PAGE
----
How to Handle Corporate 'Bankruptcy Rumors'
No matter what you think of Donald Trump as a president, he is good at surviving bankruptcy.
His companies filed for bankruptcy six times, yet he emerged a billionaire. Whatever his legacy may be, there is a lesson to be learned from his bankruptcy strategy.
How do you do bankruptcy? Better yet, how do you handle rumors that your company is going bankrupt?
Trump never filed for personal bankruptcy -- just his hotels and casinos. That was part of his secret: don't put up your own money.
He also did what most corporations do when they fail. Leave the burden on investors.
Sears, for example, was a "cornerstone of American retailing" for 100 years. But despite its venerable name, Sears left shareholders holding the bag of liabilities.
Love it or leave it, it's more or less the American way.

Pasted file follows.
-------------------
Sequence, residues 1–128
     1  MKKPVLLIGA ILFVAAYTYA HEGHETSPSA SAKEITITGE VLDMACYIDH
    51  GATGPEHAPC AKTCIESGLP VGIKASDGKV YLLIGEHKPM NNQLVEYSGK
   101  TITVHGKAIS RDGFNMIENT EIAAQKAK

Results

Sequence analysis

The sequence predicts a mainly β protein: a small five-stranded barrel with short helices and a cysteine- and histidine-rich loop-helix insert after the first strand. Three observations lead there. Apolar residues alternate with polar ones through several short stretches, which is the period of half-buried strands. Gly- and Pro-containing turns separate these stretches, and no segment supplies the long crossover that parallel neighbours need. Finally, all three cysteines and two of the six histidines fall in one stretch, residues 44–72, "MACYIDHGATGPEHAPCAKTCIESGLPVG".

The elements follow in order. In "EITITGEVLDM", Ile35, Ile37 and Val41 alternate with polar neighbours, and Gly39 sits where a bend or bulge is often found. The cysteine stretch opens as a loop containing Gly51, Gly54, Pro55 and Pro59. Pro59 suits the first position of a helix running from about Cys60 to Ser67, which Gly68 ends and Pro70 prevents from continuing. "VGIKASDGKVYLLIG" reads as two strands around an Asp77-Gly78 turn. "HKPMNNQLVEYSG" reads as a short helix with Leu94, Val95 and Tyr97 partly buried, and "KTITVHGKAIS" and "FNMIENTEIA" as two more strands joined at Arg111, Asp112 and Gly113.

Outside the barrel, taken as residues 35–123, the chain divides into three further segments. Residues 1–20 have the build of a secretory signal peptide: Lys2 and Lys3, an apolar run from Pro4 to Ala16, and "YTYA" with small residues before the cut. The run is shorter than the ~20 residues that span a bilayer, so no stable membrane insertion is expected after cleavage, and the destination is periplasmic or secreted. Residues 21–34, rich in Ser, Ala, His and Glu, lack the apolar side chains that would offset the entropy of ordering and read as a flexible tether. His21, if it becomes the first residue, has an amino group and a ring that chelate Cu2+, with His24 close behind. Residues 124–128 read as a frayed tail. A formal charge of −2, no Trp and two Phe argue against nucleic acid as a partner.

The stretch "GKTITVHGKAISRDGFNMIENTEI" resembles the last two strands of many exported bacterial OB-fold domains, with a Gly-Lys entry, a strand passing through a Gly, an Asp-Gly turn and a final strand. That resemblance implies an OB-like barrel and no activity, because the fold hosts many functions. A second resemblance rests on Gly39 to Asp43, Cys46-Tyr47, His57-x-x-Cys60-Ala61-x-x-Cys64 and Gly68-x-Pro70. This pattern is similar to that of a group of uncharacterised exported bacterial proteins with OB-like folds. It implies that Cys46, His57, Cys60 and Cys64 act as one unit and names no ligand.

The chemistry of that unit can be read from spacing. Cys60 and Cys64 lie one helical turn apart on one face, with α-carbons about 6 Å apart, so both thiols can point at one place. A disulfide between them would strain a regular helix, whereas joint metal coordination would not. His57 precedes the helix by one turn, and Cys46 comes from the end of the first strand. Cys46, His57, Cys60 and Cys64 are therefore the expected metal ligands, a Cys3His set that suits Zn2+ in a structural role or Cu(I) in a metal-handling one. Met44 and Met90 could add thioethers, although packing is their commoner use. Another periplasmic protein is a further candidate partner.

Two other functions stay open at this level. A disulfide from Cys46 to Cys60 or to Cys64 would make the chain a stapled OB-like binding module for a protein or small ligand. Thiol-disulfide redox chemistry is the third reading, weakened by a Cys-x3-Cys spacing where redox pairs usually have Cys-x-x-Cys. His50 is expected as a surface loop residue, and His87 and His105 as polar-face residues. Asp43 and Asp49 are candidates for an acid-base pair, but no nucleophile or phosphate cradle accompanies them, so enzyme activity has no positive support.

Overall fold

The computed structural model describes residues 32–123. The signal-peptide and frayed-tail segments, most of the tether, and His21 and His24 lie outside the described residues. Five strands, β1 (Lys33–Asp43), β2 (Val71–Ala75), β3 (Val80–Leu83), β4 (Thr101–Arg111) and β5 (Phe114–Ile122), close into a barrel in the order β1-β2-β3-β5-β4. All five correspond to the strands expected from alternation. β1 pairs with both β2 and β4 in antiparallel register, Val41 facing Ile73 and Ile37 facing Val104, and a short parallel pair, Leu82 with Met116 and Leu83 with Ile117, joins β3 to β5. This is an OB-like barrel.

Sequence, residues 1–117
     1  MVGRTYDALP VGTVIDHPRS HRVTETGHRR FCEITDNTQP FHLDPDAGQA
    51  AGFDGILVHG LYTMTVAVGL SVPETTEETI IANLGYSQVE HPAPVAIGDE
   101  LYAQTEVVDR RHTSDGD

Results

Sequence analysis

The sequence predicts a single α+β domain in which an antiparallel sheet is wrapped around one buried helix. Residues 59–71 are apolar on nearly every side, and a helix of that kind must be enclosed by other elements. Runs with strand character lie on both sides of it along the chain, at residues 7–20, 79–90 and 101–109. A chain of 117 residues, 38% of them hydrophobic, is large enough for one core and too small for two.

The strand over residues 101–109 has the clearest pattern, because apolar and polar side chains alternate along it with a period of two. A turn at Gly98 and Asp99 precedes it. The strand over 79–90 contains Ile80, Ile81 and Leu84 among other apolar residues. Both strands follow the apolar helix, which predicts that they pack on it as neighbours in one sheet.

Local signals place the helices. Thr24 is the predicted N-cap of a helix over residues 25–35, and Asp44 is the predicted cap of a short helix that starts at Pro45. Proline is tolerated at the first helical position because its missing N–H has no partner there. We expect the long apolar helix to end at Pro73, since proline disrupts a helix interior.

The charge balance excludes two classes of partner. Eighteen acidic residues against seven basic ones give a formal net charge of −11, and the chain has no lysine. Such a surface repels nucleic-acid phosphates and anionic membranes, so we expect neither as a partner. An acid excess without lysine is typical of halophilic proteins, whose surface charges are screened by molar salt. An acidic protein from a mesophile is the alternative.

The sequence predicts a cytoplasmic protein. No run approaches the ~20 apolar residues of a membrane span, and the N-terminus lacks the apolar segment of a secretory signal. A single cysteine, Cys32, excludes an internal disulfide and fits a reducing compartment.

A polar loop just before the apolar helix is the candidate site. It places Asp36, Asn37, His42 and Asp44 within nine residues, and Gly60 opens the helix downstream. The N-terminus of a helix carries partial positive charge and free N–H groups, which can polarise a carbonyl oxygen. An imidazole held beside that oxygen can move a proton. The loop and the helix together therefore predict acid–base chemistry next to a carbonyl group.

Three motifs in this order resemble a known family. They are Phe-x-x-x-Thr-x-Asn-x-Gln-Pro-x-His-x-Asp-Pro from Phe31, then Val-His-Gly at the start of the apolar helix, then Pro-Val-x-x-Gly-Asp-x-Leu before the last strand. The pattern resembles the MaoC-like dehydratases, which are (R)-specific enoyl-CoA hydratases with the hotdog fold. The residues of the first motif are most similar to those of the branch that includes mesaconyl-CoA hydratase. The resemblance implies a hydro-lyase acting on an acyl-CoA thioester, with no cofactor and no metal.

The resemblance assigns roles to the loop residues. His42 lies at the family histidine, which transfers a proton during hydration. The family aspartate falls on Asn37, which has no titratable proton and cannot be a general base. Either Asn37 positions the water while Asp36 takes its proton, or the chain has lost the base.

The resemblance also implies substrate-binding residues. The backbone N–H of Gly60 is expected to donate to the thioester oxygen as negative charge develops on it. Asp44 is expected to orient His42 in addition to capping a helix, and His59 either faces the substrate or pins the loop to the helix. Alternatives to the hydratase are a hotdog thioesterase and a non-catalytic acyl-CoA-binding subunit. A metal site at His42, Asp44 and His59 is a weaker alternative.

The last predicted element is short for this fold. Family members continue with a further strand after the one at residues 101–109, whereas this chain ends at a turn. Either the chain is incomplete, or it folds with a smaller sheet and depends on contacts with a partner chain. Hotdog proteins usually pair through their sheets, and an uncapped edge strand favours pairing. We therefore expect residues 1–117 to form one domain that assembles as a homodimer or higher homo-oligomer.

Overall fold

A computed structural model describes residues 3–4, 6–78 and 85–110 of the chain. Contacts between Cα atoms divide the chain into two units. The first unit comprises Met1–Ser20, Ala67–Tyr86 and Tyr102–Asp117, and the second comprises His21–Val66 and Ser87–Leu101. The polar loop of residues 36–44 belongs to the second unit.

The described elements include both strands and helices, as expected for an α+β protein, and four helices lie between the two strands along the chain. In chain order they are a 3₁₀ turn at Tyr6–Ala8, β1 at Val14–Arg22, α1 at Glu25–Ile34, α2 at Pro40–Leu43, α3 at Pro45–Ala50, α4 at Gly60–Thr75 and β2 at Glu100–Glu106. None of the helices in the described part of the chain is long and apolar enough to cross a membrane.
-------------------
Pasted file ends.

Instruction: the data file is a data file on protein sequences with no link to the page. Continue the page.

Bankruptcy rumors are another thing. Like rumors of death, they can quickly be exaggerated.
David's Bridal, the nation's leading bridal retailer, is dealing with that now. The company recently missed a major loan payment, leading to rumors that the company may soon file for bankruptcy.
Managers are telling customers "there is nothing to worry about." That's fine for customers, but it's a different story for investors.
Customers bargain shop when companies are going out of business; investors want to sell. Insiders should just hold on because that's probably the best way to deal with the rumors.